The Ethiopian Highlands, also known informally as The Roof of Africa (Ethiopian Highlands 2020), is a fantastic display of ecological and geographical study. The Highlands comprise nearly 45% of the total land area and supports over 85% of the country’s 64 million people (Dejene 2003). It is Africa’s largest continuous plateau (Keet 2013). From the formation of the Highlands, to the flora and fauna it sustains, the highlands create a rich diversity of cultures dependent on this ecological platform. And finally, the lake systems the Highlands created millions of years ago remain legendary today.
75 million years ago the Earth’s crust began separating into 3 plates causing underwater volcanoes to erupt (Vivero 2010). The result of lava pushing through the Earth’s mantle forged trap lavas that, over time, created a magma-rich dome. This dome then split into 3 parts creating the southern Arabian Peninsula, the Red Sea, and Gulf of Aden, and separated Africa from Arabia. The major land rift created is what we now term The Great Rift Valley or the East African Rift.
Flora and Fauna
The Ethiopian Highlands flora and fauna resemble many other mountainous regions in Africa. This phenomenon, called Afromontane, accounts for the subregions of the Afrotropical realm (Ethiopian Highlands 2020). This realm is one of the Earth’s 8 biogeographic realms covering the plant and animal species found in the mountains of Africa and the southern Arabian Peninsula.
At lower elevations, tropical savannas and grasslands surround the highlands (Ethiopian Highlands 2020). However, the highlands are further divided into 3 ecoregions distinguished by elevation; the Ethiopian montane (ecosystem found on the slopes of mountains) forests, grasslands, and woodlands. The Ethiopian montane grasslands and woodlands are the largest of the highland ecoregions.
The hillsides of the Ethiopian Highlands have good, fertile soil and, as a result, offer great farming opportunities. However, because of sizable areas being overpopulated, many wildlife species that call the highlands home face endangerment. Restricted only to the northern side of the valley, the walia ibex and gelada baboon feel the overpopulation. More widespread mammals found in the Ethiopian Highlands include the Egyptian wolf, lions, spotted hyenas and leopards.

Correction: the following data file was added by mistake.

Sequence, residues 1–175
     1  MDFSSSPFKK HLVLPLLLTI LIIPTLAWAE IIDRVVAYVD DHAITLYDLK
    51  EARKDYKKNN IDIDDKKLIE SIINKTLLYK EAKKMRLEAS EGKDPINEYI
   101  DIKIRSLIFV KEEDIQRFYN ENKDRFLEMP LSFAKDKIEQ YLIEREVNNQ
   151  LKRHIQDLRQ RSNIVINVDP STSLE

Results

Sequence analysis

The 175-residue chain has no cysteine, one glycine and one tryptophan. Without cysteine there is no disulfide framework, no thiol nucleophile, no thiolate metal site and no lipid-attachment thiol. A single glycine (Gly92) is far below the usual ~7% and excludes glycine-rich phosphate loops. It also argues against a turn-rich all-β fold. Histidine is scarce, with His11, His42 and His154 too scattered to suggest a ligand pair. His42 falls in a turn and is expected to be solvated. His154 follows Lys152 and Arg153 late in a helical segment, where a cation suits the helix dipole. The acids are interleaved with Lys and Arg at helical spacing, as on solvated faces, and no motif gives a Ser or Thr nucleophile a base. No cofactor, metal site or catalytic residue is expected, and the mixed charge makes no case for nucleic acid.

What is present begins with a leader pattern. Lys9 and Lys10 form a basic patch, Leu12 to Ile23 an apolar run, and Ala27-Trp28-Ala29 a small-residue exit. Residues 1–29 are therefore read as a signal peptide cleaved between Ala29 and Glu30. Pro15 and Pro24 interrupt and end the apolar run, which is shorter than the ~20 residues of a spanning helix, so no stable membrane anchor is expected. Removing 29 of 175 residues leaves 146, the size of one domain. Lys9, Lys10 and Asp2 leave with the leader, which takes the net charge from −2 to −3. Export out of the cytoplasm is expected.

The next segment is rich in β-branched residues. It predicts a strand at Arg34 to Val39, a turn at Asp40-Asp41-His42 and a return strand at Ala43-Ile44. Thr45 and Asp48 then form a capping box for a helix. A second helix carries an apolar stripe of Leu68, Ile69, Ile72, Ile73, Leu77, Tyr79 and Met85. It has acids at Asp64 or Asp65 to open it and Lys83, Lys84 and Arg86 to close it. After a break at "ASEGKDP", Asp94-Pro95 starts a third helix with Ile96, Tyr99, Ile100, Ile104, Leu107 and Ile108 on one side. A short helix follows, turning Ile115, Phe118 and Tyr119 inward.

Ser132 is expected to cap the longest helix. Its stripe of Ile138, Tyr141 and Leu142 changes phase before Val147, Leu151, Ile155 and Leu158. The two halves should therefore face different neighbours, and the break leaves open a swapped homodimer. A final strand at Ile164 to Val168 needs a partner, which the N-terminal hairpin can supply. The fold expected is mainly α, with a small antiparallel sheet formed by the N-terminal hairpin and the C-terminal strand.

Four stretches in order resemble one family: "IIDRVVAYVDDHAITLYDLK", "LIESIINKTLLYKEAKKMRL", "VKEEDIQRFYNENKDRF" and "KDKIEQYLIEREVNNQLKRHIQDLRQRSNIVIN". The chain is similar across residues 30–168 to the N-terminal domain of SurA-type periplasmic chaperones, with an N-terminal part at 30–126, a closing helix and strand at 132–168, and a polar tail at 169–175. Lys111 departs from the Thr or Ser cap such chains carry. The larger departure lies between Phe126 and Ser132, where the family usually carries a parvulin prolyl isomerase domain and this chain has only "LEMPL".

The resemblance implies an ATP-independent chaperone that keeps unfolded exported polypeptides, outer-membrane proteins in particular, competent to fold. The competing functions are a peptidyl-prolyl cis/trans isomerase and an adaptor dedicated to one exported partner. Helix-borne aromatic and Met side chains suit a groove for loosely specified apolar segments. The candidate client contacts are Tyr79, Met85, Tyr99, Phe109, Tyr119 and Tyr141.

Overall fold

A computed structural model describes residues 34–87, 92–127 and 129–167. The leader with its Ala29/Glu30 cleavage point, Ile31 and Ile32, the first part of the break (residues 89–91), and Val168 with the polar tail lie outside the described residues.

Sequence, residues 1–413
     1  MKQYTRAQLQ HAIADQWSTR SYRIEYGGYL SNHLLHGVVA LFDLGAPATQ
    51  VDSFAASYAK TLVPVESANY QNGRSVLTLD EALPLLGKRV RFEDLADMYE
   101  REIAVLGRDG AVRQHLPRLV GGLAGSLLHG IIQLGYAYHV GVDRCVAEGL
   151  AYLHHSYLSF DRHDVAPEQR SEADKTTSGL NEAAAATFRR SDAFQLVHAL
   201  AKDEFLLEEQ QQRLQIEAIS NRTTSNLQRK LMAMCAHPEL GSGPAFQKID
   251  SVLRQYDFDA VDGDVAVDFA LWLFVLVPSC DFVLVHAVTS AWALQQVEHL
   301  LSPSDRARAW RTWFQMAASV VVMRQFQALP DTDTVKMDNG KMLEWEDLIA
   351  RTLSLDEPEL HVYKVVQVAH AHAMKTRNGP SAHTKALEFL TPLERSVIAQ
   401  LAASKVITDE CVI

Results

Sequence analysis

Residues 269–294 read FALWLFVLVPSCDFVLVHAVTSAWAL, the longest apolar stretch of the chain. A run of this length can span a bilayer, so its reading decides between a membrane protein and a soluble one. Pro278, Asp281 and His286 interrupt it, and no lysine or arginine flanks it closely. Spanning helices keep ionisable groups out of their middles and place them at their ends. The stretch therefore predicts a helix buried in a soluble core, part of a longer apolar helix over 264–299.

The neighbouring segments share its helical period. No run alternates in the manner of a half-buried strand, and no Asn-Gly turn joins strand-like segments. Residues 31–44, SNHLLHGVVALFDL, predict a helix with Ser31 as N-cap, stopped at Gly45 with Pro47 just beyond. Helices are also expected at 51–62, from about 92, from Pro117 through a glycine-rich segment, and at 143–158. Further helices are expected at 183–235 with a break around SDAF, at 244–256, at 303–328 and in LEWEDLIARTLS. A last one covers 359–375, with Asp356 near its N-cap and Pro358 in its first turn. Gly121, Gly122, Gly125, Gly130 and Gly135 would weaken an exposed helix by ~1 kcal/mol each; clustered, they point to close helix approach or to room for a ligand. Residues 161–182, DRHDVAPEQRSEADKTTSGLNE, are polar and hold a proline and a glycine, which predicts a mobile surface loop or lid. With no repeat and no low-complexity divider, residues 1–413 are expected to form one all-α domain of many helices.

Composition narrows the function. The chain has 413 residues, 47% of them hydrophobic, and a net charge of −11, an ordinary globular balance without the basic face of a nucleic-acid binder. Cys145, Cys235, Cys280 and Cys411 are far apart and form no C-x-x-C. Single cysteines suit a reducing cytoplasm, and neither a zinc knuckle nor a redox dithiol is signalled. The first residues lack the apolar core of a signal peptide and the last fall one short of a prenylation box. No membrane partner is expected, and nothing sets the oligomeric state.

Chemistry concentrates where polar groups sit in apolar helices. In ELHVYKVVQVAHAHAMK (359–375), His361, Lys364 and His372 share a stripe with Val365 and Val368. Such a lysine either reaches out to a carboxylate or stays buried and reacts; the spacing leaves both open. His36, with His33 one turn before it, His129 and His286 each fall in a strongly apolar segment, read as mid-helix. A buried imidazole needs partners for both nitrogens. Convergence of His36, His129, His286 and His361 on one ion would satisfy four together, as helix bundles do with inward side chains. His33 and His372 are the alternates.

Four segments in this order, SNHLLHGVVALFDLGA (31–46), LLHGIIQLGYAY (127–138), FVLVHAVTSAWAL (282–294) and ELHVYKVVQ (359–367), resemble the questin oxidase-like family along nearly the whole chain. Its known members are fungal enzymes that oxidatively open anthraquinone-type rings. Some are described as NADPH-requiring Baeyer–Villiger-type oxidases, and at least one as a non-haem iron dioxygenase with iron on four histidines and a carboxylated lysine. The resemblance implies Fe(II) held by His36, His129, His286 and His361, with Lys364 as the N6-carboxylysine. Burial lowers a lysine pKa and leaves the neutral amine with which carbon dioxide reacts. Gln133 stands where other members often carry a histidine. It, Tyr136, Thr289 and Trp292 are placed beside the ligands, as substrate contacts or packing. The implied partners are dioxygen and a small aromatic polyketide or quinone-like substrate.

Rift Valley Lakes
Some of the world’s oldest, deepest, and largest lakes are in the East African Rift of the Ethiopian Highlands. The most popular of these lakes are the African Great Lakes, a series of freshwater lakes including Lake Victoria – the second-largest freshwater lake in the world by area. Lake Tanganyika, the world’s second largest freshwater lake by volume and depth, and Lake Malawi, the world’s eighth largest freshwater lake by area, are also part of the Great Lakes. Collectively, the African Great Lakes make up about 25% of Earth’s unfrozen surface fresh water and 10% of the world’s fish species.
Because of the high mountains and deep gorges, culture groups remain isolated from the influences of the rest of the world. The Amharas have been the most influential among the Highlands’ many ethnic groups. They are one of the two largest ethnic groups in Ethiopia, along with the Oromo. The Amharas have inhabited the Ethiopian Highlands for over two thousand years (Amhara People 2020).
Fishing – primarily of tilapia species but also of Nile perch – provides the main livelihood. The climate and rich volcanic soils in the highlands sustain intensely cultivated croplands. Ethiopia has the largest national herd of domestic livestock, and cattle in particular, in Africa. This may be a result from the exploitation of trees for construction. People of the highlands use the dung from animals for fuel.
The region’s primary exports are mainly agricultural products. These include horticulture, tea, coffee, cotton, tobacco, and fish.
There is so much to the Ethiopian Highlands; its formation, flora and fauna, lakes, and cultures. There is so much more, not included in this article, like the highlands history being the “cradle of civilization” (Keet 2013). Many kingdoms called the highlands their home and its ties to Christianity and the rumored location of the Ark of the Covenant make this area full of history and intrigue.